August 30, 2023

Hammering Home Periods in the Trades Industry

Periods are one of the many taboos that stop women from reaching their full potential in the trade industry and beyond.

Interview multiple candidates

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Search for the right experience

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Vet candidates & ask for past references before hiring

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Who is to blame for the lack of female-centric conversations in trade industries?


International Women’s Day has come and gone, as has Women in Trades Day, Women in Construction Week, and Menstrual Hygiene Day. How many of your favourite trade companies have turned their spotlight to women’s issues?

Why focus on periods?

Menstruation is emblematic of a wider, gendered problem. It represents the innate biological issues that come with womanhood, most of which are ignored or disregarded by society as a whole.


In a practical sense, periods act as yet another barrier for women who want to enter into skilled trades. Period pain can be so severe that one researcher concluded that it can be as painful as having a heart attack. Pain aside, women have to worry about the practicalities of managing heavy blood flow and finding adequate toilets and sanitary bins while they are on job sites. Then there's PMS/PMDD, headaches, lethargy, nausea, brain fog - shall we go on? It's a lot to deal with when doing your job.


With all the difficulties inherent in being a tradie who menstruates, you would expect it to be a hot topic. So, why can we only hear crickets?


Why are menstruation problems pushed to the sidelines?

Tradeswomen are in the minority

The trade industry isn’t known for its gender diversity with only 5% of tradespeople working in the UK being female. With less women in the fold, the onus is on men to create an inclusive and welcoming environment. Unfortunately, research shows that a large chunk of people in the UK have a distorted perception of the gender divide.


The public overestimates gender equality

The public at large has an unrealistic view of gender equality. In 2015, researchers analysed the overestimation of women’s representation in medicine. They concluded that ‘medical professionals tended to overestimate women’s true representation in several different areas of medicine [...] and in various roles’ which ‘predicted a decreased willingness to support gender-based initiatives.’


On top of a distorted view of gender representation in professional roles, some people reject the idea that sexism exists altogether.


In 2022, the Global Institute for Women’s Leadership found that 15% of Britons think gender equality doesn’t exist, with more men (19%) holding this view than women (11%). Even worse, 21% of Britons think that feminism does more harm than good, with 29% of male respondents and 13% of female respondents agreeing.  

Tradeswomen are the butt of the joke

Because tradeswomen are in the minority, it’s easy to joke about their lived reality. One institution surveyed 1,000 women who work on sites and found that 22% have been subjected to period jokes in the workplace. This doesn’t just stop at work, as a tradeswomen soon found out.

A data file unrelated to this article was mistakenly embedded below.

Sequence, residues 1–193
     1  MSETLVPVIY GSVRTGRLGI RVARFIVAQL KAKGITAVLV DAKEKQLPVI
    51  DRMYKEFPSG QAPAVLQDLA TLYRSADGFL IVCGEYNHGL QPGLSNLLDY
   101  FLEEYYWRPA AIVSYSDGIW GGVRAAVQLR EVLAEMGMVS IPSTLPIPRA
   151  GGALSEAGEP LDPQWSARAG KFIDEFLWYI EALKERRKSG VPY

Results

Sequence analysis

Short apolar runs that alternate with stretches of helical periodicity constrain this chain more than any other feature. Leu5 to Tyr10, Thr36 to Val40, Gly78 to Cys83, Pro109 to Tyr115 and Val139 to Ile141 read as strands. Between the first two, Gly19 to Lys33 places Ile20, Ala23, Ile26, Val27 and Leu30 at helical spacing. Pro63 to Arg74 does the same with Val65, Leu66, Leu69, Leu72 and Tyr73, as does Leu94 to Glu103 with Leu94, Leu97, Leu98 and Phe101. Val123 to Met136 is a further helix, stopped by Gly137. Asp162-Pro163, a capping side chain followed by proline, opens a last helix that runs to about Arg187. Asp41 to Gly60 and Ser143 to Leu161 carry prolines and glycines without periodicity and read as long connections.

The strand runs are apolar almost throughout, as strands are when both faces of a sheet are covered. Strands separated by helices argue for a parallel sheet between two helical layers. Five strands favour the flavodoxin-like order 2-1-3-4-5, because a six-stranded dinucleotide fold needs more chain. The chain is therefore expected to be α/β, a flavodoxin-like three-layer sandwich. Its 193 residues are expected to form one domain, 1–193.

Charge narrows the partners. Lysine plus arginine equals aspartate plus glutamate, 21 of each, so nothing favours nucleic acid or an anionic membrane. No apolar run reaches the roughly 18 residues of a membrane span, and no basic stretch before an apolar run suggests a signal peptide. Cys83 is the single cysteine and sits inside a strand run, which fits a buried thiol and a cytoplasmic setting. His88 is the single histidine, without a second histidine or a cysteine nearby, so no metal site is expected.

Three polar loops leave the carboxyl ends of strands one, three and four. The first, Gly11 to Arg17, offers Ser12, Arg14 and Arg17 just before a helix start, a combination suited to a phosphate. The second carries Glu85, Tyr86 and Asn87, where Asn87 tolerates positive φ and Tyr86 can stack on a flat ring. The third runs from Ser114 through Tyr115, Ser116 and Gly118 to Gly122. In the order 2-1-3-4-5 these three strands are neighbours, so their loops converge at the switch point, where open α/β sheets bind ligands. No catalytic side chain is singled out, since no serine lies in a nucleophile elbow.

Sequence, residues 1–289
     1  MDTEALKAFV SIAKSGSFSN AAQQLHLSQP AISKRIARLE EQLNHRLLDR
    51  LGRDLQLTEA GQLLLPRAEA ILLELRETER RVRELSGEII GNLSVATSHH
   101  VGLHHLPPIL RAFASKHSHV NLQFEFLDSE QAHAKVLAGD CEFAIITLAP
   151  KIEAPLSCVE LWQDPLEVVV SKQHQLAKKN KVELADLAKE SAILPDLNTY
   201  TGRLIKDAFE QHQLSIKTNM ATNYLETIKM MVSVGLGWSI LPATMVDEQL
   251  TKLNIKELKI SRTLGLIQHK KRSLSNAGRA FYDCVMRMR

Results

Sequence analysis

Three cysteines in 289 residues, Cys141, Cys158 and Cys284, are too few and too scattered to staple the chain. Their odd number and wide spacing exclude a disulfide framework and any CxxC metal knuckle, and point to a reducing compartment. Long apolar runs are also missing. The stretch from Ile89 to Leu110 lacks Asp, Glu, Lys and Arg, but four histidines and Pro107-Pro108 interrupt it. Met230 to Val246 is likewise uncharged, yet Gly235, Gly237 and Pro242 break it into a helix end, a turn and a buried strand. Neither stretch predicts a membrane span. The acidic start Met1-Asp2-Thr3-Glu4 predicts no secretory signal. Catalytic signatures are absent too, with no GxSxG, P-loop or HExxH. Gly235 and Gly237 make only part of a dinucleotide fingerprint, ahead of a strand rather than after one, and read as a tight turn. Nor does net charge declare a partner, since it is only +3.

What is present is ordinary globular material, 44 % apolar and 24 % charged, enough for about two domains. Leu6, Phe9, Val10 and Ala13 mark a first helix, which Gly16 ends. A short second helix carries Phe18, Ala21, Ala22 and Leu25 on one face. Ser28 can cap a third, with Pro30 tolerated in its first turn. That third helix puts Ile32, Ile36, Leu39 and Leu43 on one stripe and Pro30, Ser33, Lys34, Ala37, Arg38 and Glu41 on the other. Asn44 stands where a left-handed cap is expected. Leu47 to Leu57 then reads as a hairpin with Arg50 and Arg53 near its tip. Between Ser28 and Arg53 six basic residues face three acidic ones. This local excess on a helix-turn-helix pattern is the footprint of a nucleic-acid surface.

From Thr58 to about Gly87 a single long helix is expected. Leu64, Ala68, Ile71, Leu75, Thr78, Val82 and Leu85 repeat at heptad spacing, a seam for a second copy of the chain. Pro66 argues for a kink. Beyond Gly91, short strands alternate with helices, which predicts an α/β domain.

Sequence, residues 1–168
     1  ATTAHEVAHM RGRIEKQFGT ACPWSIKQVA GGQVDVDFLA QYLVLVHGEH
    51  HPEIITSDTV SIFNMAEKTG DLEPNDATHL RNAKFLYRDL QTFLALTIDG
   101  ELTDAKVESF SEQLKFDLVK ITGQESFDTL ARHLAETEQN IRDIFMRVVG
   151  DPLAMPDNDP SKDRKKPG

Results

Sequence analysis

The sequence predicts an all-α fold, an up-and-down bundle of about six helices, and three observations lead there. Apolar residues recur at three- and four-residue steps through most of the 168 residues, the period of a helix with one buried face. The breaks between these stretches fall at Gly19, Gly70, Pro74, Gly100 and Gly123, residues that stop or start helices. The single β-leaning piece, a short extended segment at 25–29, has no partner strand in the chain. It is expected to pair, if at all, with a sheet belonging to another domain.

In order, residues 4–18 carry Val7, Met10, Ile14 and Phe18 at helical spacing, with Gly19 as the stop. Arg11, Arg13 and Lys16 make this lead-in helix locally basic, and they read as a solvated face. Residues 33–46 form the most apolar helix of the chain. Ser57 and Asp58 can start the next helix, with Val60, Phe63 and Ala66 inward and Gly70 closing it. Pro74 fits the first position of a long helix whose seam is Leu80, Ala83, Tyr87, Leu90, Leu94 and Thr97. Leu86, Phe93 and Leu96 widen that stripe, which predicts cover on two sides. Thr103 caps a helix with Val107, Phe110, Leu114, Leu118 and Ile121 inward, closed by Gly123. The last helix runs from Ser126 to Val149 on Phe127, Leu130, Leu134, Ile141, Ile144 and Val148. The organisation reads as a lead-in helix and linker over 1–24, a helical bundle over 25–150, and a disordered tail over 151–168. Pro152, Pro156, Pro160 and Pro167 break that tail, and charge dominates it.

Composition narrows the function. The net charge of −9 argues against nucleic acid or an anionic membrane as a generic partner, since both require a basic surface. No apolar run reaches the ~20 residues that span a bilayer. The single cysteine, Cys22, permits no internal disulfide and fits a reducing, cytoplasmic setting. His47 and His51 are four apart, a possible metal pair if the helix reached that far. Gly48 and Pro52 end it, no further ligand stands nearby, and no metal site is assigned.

A london based plumber posted in her local plumbing Facebook group to start a conversation about working whilst menstruating. ‘It’s a real struggle for me doing boilers on period weeks, sometimes working in houses with no water/toilets’, she wrote.


‘Ever thought about an office job,’ one person replied. Another wrote ‘identify as a man on those days, problem solved.’ These, along with the recommendation to put ‘a bit of jet blue up there to plug it’, show the sort of ridicule that tradeswomen are subject to.

Periods are taboo

Despite all our modern amenities and advanced technology, society is still in the dark-ages when it comes to women’s health. Periods are one of the many taboos that stop women from reaching their full potential in the trade industry and beyond.

The secrecy and shame around periods starts at home, but it continues at school. A survey of secondary school teachers found that only 53% work in schools that teach students about menstrual health. Of those almost 420 teachers, only 144 reported a maximum of two lessons in one academic year.

This taboo has far reaching consequences for young girls. Nearly two million girls (64%) aged between 14 - 21 have missed a half day or full day of school because of their period. And since periods are not recognised as a legitimate concern, there is no help offered to them.

What gaps do young girls have in their education? And how does menstruation impact career prospects? These are the sorts of questions that we need to ask.


How can we expect swatches of society to invest in one of the more taboo aspects of the female experience? The trade industry might be silent on periods (and only marginally more active in the more media-friendly aspects of female empowerment) but they are just following suit with the other industries in the UK.


For menstruation to become a mainstream topic in the trade industry, it has to be part of the social landscape. We need to start from the ground up. By teaching girls and boys about menstrual health from an early age, we can spark  long-lasting conversations. Period.

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